Margaret A.WinkerMD, Senior EditorIndividualAuthorPhil B.FontanarosaMD, Senior EditorIndividualAuthor
Copyright 1998 American Medical Association. All Rights Reserved. Applicable FARS/DFARS Restrictions Apply to Government Use.1998
To the Editor.—In his article on apoptosis,
Mr Hetts1addresses the FasL death ligand
that binds to the death receptor Fas (FasR), beginning the apoptotic cascade.
To our knowledge, the Good Institute2was
the first to provide data on placental FasL+trophoblasts that
endow the fetus with immunologically privileged status by eliminating FasR+maternal lymphocytes, the lymphocytes aimed to attack fetal cells
expressing paternal antigens. This seminal observation has been confirmed.3We have proposed that enhancing antibodies (immune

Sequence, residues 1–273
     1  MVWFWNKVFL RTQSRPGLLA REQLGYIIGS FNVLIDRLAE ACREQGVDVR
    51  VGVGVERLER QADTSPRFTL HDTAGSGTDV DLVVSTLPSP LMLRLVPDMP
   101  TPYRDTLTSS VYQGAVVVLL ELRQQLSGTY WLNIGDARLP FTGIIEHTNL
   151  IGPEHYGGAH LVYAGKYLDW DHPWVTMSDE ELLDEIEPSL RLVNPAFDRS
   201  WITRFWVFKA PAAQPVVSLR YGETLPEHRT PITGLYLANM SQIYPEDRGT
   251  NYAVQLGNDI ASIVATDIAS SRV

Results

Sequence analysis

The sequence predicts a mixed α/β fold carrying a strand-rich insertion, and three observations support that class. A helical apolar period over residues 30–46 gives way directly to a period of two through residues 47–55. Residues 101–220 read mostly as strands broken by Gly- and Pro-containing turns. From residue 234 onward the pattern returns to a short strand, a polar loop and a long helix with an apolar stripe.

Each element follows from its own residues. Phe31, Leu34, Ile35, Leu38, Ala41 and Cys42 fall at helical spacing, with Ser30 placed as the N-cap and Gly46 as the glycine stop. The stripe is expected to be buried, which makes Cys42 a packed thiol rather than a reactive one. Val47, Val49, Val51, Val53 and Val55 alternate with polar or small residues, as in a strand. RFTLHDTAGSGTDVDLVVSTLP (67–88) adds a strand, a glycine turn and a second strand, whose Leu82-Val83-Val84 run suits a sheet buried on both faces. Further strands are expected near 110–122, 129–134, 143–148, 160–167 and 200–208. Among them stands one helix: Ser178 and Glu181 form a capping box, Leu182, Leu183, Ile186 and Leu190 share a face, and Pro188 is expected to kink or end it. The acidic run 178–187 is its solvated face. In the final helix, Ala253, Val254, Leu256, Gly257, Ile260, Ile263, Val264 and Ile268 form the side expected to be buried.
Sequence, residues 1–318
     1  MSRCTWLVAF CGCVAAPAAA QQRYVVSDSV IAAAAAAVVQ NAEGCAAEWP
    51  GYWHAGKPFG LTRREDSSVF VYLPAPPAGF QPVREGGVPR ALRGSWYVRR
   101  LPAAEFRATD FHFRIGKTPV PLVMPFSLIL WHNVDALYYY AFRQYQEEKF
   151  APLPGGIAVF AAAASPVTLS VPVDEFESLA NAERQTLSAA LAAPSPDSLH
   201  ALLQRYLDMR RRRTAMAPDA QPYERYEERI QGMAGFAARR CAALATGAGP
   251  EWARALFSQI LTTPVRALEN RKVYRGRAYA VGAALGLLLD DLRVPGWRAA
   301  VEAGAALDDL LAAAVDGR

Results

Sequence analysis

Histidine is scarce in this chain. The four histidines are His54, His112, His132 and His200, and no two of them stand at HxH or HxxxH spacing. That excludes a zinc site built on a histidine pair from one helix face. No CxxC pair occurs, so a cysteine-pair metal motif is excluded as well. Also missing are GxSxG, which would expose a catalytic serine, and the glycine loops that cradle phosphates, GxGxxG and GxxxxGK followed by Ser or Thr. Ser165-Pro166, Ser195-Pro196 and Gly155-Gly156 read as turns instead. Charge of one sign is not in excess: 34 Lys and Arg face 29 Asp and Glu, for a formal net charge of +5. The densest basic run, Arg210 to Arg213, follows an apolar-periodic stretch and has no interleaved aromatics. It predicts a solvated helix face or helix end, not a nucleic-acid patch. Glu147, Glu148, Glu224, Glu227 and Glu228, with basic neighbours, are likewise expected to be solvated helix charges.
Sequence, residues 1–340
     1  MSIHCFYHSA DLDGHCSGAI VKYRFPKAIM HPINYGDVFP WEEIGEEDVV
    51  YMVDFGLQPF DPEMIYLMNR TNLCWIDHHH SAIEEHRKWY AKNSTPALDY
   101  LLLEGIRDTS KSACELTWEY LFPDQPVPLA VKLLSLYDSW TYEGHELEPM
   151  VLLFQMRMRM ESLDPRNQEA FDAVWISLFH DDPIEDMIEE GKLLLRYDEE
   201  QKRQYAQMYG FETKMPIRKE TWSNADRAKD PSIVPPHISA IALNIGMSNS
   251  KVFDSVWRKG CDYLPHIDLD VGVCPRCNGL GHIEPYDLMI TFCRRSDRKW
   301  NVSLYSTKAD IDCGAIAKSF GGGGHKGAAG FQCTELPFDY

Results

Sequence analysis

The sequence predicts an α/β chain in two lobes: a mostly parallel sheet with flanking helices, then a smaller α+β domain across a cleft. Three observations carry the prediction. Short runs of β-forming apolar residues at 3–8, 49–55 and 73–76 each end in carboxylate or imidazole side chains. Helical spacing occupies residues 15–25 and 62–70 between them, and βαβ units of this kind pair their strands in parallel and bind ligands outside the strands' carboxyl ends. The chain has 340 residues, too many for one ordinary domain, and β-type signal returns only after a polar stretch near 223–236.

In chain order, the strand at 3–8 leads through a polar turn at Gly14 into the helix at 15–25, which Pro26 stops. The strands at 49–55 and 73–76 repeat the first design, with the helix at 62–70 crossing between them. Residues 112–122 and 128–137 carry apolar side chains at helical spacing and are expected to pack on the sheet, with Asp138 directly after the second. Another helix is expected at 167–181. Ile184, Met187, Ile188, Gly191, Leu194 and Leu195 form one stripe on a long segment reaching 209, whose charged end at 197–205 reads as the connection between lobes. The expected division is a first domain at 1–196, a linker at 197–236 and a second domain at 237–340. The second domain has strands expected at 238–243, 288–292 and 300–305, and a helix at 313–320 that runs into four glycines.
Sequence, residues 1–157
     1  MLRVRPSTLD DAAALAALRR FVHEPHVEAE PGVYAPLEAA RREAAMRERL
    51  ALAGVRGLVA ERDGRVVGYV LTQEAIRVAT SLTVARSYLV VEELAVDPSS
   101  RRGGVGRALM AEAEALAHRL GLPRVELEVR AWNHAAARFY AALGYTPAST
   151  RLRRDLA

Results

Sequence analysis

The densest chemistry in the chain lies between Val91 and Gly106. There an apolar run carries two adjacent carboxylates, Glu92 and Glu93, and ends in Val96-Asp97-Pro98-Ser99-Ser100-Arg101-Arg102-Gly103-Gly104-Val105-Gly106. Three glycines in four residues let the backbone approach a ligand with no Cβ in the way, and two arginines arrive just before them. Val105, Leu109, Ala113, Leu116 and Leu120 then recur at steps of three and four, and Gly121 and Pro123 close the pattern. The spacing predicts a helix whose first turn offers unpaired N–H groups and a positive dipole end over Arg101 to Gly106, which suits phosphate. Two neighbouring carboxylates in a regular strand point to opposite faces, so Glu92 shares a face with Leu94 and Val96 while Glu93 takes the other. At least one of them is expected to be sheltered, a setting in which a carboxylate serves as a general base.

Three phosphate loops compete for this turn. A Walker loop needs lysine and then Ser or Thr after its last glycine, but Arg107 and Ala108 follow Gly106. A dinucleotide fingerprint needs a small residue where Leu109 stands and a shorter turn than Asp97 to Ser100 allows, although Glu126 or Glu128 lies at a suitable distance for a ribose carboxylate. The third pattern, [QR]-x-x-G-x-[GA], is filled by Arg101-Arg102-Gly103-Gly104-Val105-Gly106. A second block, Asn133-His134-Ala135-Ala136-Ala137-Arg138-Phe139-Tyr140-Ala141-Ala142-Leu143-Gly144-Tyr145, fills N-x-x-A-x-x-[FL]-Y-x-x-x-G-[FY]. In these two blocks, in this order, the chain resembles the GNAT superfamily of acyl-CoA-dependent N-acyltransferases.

globulins that stimulate cell divisions)4
and suppressor cells (lymphocytes that antagonize a specific immune reaction)5coevolved with the placenta. Placentation could
not have established itself in the early Cenozoic era, the era when mammals
began to outpopulate dinosaurs, without some compromise to the immune system.
We believe that the FasL→FasR system, as described in Hetts' article,
was essential in the evolution of the placenta. Without this system there
could be no mammals.
Sinkovics JG, Horvath JC. Role of Apoptosis in Health and Disease. JAMA. 1998;279(21):1699-1700. doi:10-1001/pubs.JAMA-ISSN-0098-7484-279-21-jbk0603